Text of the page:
fp = open("a.txt") #do many things with fp c = fp.read() if c is None: print 'fp is at the eof'
Besides the above method, any other way to find out whether is fp is already at the eof?
fp.read() reads up to the end of the file, so after it's successfully finished you know the file is at EOF; there's no need to check. If it cannot reach EOF it will raise an exception.
When reading a file in chunks rather than with
read(), you know you've hit EOF when
read returns less than the number of bytes you requested. In that case, the following
read call will return the empty string (not
None). The following loop reads a file in chunks; it will call
read at most once too many.
assert n > 0 while True: chunk = fp.read(n) if chunk == '': break process(chunk)
for chunk in iter(lambda: fp.read(n), ''): process(chunk)
The "for-else" design is often overlooked. See: Python Docs "Control Flow in Loop":
with open('foobar.file', 'rb') as f: for line in f: foo() else: # No more lines to be read from file bar()
read returns an empty string when EOF is encountered. Docs are here.
I really don't understand why python still doesn't have such a function. I also don't agree to use the following
f.tell() == os.fstat(f.fileno()).st_size
The main reason is
f.tell() doesn't likely to work for some special conditions.
The method works for me is like the following. If you have some pseudocode like the following
while not EOF(f): line = f.readline() " do something with line"
You can replace it with:
lines = iter(f.readlines()) while True: try: line = next(lines) " do something with line" except StopIteration: break
This method is simple and you don't need to change most of you code.
f = open("a.txt", "r") while (c := f.read(n)): process(c) f.close()
Walrus operator: https://docs.python.org/3/whatsnew/3.8.html#assignment-expressions
Methods of file objects: https://docs.python.org/3/tutorial/inputoutput.html#methods-of-file-objects
f = open(filename,'r') f.seek(-1,2) # go to the file end. eof = f.tell() # get the end of file location f.seek(0,0) # go back to file beginning while(f.tell() != eof): <body>
You can use the file methods seek() and tell() to determine the position of the end of file. Once the position is found, seek back to the file beginning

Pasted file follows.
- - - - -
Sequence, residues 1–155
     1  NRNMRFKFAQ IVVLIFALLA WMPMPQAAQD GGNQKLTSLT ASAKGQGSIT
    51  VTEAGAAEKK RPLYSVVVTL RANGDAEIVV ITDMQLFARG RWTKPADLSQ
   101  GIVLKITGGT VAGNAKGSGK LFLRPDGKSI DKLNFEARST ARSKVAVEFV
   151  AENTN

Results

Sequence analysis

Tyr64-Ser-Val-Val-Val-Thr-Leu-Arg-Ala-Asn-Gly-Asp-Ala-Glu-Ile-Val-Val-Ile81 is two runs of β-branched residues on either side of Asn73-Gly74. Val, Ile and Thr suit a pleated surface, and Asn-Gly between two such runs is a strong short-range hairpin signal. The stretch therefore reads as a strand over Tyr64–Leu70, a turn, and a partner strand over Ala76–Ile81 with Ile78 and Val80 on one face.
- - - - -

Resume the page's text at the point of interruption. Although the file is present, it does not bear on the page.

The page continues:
Python doesn't have built-in eof detection function but that functionality is available in two ways:
f.read(1) will return
b'' if there are no more bytes to read. This works for text as well as binary files. The second way is to use
f.tell() to see if current seek position is at the end. If you want EOF testing not to change the current file position then you need bit of extra code.
Below are both implementations.
Using tell() method
import os def is_eof(f): cur = f.tell() # save current position f.seek(0, os.SEEK_END) end = f.tell() # find the size of file f.seek(cur, os.SEEK_SET) return cur == end
Using read() method
def is_eof(f): s = f.read(1) if s != b'': # restore position f.seek(-1, os.SEEK_CUR) return s == b''
How to use this
while not is_eof(my_file): val = my_file.read(10)
You can use
tell() method after reaching
EOF by calling
method, like this:
fp=open('file_name','r') lines=fp.readlines() eof=fp.tell() # here we store the pointer # indicating the end of the file in eof fp.seek(0) # we bring the cursor at the begining of the file if eof != fp.tell(): # we check if the cursor do_something() # reaches the end of the file
Reading a file in batches of
BATCH_SIZE lines (the last batch can be shorter):
BATCH_SIZE = 1000 # lines with open('/path/to/a/file') as fin: eof = False while eof is False: # We use an iterator to check later if it was fully realized. This # is a way to know if we reached the EOF. # NOTE: file.tell() can't be used with iterators. batch_range = iter(range(BATCH_SIZE)) acc = [line for (_, line) in zip(batch_range, fin)] # DO SOMETHING WITH "acc" # If we still have something to iterate, we have read the whole # file. if any(batch_range): eof = True
Although I would personally use a
with statement to handle opening and closing a file, in the case where you have to read from stdin and need to track an EOF exception, do something like this:
Use a try-catch with
EOFError as the exception:
try: input_lines = '' for line in sys.stdin.readlines(): input_lines += line except EOFError as e: print e